Patient preferences refer to “the choices that persons make when they are faced with decisions about health and medical treatment…[which] reflect the patient’s own experience, beliefs and values as informed by the physician’s recommendations” (Jonsen et al., 2010, p. 47). This topic primarily involves the concrete application of the principle of respect for autonomy.
Quality of life refers to “that degree of satisfaction that people experience and value about their lives as a whole, and in its particular aspects, such as physical health” (Jonsen et al., 2010, p. 109). This topic is difficult to define, and it involves the concrete application of beneficence, nonmaleficence and respect for autonomy. However, it seems that the most important principle here is an aspect of the principle of beneficence. Beneficence is not only acting in ways that help other persons in need by way of treating or curing illness, but it also involves “acting in ways that bring satisfaction to other persons” (Jonsen et al., 2010, p. 109). Thus, it is also part of beneficence to attempt to improve a patient’s life such that they are satisfied with their quality of life.
Contextual features refer to the context in which a particular case occurs, which includes “professional, familial, religious, financial, legal and institutional factors” which influence clinical decisions (Jonsen et al., 2010, p. 161). Thus, for example, an influential contextual feature in a case in which the medical indications for a person include a blood transfusion, would be if a patient were of the Jehovah’s Witnesses religion. This is because blood transfusions are considered to be immoral according Jehovah’s Witnesses teaching.
When considering a difficult ethical case in medicine or health care, the relevant information of that case is arranged into four boxes which correspond to the four topics above and aligns them with the key ethical principles (Jonsen et al., 2010):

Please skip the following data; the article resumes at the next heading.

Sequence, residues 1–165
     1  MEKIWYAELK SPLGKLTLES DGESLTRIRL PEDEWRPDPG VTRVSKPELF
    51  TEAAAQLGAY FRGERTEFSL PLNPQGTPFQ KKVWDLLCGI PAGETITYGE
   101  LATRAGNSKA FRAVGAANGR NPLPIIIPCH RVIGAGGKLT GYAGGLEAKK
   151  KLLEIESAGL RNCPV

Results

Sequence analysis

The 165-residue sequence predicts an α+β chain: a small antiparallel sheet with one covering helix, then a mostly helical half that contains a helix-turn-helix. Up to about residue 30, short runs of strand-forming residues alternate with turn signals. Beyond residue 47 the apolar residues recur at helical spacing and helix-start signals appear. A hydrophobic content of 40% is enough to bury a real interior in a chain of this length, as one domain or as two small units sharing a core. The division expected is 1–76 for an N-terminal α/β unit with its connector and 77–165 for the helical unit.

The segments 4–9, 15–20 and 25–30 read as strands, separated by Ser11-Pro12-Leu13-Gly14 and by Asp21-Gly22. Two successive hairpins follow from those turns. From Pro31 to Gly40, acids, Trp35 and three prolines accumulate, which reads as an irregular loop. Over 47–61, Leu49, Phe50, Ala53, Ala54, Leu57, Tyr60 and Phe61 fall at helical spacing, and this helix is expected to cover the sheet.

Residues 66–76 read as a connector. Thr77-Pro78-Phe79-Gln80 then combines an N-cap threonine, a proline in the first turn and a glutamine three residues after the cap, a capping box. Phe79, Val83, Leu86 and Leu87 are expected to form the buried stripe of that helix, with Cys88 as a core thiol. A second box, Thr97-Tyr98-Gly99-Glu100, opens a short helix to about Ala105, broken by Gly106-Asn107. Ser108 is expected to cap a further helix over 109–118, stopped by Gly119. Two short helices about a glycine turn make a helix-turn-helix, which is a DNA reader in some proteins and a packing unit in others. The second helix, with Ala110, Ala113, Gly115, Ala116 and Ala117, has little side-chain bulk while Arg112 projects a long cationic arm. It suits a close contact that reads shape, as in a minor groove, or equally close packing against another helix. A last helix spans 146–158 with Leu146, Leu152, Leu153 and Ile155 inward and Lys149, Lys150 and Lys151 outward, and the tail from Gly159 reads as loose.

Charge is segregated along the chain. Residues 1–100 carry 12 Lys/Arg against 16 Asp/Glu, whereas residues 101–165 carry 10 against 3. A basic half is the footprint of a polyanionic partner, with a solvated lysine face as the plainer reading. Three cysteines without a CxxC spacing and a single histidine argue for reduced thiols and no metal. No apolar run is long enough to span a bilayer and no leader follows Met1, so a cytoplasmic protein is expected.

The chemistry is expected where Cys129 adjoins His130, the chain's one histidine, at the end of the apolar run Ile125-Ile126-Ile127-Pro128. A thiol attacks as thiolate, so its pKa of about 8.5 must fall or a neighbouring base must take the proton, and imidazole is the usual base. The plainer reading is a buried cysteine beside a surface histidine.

Medical Indications (Beneficence and Nonmaleficence)
Patient Preferences (Autonomy)
Quality of Life (Beneficence, Nonmaleficence, Autonomy)
Contextual Features (Justice and Fairness)
The four-boxes approach is a useful tool to make sure that you have gathered all the relevant data (or as much data as possible) so as to come to an ethical decision and plan of action. Keep in mind that many times in clinical ethics, there may not be a single right course of action, but there are certainly better or worse options. This does not mean that there is no such thing as right and wrong (i.e., relativism), but simply that real life is messy and imperfect.
Applying the Principlism and the Four-Boxes Approach
Consider the following analysis from a Christian perspective of the case study, “End of Life and Sanctity of Life,” in the American Medical Associations Journal of Ethics, included in the topic readings(Reichman, 2005). That case is analyzed from a Jewish and Buddhist perspective by different commentators. This case will be analyzed by addressing the four principles in the principlist approach, and then that data will be considered in light of the Christian worldview in order to recommend a course of action in accordance to Christian values and biblical principles. As practice, begin filling the four boxes based on the information provided by the case itself, as well as the analysis below.